Paramo is just a kid at heart

Paramo is just a kid at heart
John Burroughs High School Principal John Paramo helps guide students to classrooms while standing on the bench of a picnic table on the first day of school.
(Tim Berger/Staff Photographer)

One reason John Paramo — the new principal at John Burroughs High School — feels he can understand teenagers is because he considers himself a child at heart.

“Most parents say, ‘How can you deal with teenagers?’ For me, it’s a piece of cake. I love the same music they like. I’m into the same things,” he said.

It’s the elementary school crowd, to which his 8-year-old son belongs, that puzzles him more, he added.

Among high schoolers, when Paramo sees something that catches his attention, he’ll stop a student and say something like: “Dude, I love those kicks you got on.”


“It just takes that one time that you make that connection. They remember you,” he said.

When Paramo was in high school at Don Bosco Technical Institute in Rosemead, every teacher knew his name and called him by name at lunch, even if he wasn’t in that teacher’s class.

“School was very safe. School was very personal,” he said. “It made a difference in how I was able to achieve in the classroom. I wanted every other kid to experience what I did when I was in Bosco Tech.”

Upon graduation, Paramo, 45, worked in advertising before earning a degree in English at Whittier College, and later a master’s in English at Cal State Los Angeles. He went on to earn a master’s degree in education at Azusa Pacific University.


He taught English at Don Bosco for 10 years and worked for Baldwin Park Unified before an assistant principal job surfaced at Burbank Unified.

He spent a combined five years there as assistant principal of counseling and instruction, then was an assistant principal at John Muir Middle School for two years before returning to Burroughs this year.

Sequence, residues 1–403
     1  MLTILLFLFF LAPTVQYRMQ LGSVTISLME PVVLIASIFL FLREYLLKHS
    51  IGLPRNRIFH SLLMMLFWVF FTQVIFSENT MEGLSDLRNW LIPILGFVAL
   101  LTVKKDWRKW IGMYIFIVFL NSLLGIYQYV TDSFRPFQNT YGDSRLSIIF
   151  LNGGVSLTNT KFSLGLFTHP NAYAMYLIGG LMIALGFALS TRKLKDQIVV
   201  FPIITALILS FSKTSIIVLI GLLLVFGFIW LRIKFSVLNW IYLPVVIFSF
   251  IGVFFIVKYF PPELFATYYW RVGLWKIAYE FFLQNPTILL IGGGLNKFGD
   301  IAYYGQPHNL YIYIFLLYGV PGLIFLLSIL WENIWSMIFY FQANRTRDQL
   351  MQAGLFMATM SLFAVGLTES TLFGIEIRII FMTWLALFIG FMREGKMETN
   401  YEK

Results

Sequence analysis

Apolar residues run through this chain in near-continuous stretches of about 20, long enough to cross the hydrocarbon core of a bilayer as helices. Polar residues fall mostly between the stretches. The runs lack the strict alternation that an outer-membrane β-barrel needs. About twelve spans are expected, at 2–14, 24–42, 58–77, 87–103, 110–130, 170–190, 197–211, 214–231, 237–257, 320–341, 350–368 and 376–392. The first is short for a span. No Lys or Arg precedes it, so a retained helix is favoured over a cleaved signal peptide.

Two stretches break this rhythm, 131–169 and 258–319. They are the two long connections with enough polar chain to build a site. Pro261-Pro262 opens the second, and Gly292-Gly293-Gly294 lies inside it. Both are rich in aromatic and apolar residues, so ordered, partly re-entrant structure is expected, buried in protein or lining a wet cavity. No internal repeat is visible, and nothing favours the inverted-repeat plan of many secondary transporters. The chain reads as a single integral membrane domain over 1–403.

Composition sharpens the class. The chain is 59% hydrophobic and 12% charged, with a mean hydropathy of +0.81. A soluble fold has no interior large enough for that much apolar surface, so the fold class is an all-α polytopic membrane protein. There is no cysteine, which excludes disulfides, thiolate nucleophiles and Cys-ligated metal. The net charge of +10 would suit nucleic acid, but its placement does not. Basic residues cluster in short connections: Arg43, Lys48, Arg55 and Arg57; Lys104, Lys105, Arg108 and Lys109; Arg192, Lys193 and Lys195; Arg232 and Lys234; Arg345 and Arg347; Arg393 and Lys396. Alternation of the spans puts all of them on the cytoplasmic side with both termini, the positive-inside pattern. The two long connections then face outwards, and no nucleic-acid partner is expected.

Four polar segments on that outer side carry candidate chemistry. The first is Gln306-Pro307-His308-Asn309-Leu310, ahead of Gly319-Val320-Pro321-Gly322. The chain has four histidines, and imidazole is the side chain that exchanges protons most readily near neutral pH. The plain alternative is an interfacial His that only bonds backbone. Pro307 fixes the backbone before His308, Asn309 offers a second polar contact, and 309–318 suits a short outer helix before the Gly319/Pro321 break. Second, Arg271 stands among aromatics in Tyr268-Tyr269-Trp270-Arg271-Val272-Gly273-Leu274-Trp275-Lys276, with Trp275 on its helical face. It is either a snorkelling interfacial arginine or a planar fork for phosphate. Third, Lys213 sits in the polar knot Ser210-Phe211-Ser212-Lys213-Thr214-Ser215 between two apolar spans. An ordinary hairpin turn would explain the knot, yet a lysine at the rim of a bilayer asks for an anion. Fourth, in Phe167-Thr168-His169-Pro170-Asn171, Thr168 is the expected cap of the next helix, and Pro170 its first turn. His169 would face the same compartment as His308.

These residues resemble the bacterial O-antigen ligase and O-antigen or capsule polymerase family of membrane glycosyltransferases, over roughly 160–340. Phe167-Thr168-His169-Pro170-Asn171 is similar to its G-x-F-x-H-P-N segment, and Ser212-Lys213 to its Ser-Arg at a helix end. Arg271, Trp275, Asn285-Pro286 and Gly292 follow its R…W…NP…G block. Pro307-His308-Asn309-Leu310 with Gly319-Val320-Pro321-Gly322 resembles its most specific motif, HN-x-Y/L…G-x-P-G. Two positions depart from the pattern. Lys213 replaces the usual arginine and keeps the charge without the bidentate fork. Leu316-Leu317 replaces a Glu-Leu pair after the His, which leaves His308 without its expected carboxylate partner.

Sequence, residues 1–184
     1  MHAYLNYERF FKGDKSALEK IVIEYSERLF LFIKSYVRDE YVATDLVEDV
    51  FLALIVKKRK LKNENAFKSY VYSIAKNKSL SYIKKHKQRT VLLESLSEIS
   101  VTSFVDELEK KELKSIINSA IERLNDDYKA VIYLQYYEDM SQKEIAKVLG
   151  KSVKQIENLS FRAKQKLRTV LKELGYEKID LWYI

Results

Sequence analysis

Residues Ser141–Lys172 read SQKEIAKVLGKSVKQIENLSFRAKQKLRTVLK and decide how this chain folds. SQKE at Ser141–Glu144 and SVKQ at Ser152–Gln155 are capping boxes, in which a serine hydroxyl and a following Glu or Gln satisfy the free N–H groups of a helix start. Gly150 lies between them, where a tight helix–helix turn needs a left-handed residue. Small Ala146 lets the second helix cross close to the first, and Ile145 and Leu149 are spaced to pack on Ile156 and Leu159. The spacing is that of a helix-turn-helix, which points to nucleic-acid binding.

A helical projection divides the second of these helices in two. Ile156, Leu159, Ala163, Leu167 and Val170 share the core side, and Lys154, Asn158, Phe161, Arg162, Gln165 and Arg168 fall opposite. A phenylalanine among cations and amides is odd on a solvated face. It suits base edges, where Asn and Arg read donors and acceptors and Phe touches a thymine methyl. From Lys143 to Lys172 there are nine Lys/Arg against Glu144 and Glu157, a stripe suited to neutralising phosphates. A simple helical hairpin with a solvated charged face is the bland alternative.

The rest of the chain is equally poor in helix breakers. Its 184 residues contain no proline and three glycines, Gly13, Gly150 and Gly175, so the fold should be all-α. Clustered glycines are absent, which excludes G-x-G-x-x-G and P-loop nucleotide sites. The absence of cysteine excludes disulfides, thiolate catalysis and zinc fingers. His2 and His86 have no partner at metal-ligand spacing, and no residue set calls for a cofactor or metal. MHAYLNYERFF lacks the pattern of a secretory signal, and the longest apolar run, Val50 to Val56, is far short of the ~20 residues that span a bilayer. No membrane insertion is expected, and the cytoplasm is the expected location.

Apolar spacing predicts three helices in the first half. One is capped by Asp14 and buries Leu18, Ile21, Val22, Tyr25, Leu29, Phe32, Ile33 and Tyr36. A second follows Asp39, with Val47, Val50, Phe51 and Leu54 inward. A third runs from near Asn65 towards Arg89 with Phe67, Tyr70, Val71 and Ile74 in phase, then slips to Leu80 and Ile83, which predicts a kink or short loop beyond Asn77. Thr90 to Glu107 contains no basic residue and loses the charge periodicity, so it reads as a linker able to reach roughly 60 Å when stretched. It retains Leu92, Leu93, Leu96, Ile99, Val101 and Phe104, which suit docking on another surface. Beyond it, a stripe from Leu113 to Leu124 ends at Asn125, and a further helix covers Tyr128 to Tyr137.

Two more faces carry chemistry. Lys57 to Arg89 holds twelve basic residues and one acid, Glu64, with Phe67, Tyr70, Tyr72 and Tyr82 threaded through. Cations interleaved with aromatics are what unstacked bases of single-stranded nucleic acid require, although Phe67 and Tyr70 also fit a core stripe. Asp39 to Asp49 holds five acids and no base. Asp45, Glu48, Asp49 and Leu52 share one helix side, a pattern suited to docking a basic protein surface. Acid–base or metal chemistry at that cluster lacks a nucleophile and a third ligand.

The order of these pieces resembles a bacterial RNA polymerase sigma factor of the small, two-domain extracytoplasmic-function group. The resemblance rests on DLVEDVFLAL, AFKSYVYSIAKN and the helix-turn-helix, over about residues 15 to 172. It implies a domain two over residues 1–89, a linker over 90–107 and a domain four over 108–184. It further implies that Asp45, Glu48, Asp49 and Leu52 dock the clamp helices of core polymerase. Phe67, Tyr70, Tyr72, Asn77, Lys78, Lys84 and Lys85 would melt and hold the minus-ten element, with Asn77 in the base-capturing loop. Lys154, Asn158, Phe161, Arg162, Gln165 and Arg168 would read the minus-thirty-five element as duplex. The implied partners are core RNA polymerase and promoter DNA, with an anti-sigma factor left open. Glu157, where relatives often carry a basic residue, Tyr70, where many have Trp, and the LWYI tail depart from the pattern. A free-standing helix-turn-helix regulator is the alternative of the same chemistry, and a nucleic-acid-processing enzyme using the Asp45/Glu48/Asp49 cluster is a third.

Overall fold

“I can tell you Burbank Unified represents my own beliefs and philosophies in education and that’s what kept me here,” he said. “The district takes a very concerted effort to address populations that need more assistance,” pointing to English-language learners and students with special needs.

Paramo believes in building relationships that last. For instance, this week, after a former Burroughs student heard that Paramo had returned, the student walked into Paramo’s office and asked if Paramo still had his picture. Paramo did, three years after the student graduated.

This year, as budget cuts weigh heavily on staff, Paramo said he’s focused on inspiring teachers to remain “very positive and hopeful that things are going to work out, and they’re going to work out OK.”

“I very much feel that John Burroughs is home for me,” he said.

“In the back of my mind, I’d always hoped that the stars would align and I’d be able to be principal here. I’m going to enjoy it for as long as I can.”

Follow Kelly on Twitter @kellymcorrigan.